African Tech Experts Challenge Google’s 3G Air Balloon Loon Project

African Tech Experts Challenge Google’s 3G Air Balloon Loon Project

“The barrier to Internet adoption is not so much the lack of connectivity. It’s the high cost of the equipment. In Kenya, most parts of the country have 3G access,” Phares Kariuki, former world bank technology consultant told the MIT Technology Review.

He believes that Google’s Loon Project — created to provide 3G Internet connectivity across Africa via stratospheric solar powered air balloons — isn’t correctly tackling the continent’s tech problem. Access to Internet and electronics for the poor, Kariuki said, is the underlying issue.

Jackson Hungu, mobile technology head of Kenya’s Clinton Health Access Initiative thinks the project should include other perks in addition to connectivity as some people in urban regions won’t consider the project to be as impactful as those in rural areas with scant Internet access.

“If it is just going to deliver Internet to a few guys in the wilderness, fine,” he told the MIT Technology Review. “But if it can be part of this big data phenomenon, and deliver useful data from the Great Rift Valley, which delivers food security to the nation – then maybe it begins to make some more sense.”

While the Loon project is being tested in New Zealand, Google says addressing every technical issue in every nation is not the project’s aim. And according to the MIT Technology review, while Google will run into issues with air space restrictions, they are able to control the altitude of the balloons and how they react to varying wind currents.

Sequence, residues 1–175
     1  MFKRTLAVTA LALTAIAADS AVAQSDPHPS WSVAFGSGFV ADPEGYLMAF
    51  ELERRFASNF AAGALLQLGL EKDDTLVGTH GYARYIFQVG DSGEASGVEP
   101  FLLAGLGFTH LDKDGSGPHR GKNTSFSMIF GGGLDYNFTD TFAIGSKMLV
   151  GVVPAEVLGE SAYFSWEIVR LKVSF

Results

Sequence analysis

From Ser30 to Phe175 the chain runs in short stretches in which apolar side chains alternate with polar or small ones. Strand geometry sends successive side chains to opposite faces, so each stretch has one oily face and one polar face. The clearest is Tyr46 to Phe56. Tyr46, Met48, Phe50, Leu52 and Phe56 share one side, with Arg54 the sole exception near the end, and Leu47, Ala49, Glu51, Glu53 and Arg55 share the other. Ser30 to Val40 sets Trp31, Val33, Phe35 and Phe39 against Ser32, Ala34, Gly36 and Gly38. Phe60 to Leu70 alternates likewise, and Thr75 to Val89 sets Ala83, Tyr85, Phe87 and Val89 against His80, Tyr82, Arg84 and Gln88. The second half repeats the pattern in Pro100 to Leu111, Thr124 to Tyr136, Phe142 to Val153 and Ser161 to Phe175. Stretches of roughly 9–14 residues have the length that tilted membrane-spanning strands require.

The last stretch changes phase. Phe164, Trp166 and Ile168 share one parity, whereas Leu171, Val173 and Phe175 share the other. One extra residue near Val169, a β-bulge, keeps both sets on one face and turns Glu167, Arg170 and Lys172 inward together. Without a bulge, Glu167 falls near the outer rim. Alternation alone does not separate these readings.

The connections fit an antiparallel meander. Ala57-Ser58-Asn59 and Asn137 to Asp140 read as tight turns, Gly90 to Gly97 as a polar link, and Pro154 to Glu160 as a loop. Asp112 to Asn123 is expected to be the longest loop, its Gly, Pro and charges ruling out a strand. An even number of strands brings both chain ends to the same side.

Hungu noted that if the balloons delivered information on weather conditions — their presence would be ultimately effective. The balloons are instead positioned above the weather, but in the long-run they could transmit reports on wind conditions, which correlate with the weather, according to the MIT Technology Review.

“We don’t think there is any one solution or one company that will have a solution for the whole world,” Google’s Loon project manager, Mike Cassidy said in the report. “We just think that from what we’ve seen, there are huge swaths of people who don’t have connectivity.”

iHub manager Jimmy Gitonga also has opposing views that dispute the project’s purpose and longevity.

“I honestly don’t take this too seriously; what Google probably wants to do is make sure the Google brand gains mindshare,” he said.

“I personally think it’s like Richard Branson flying a balloon around the world. It’s a marketing gimmick more than a technology that will really work,”  “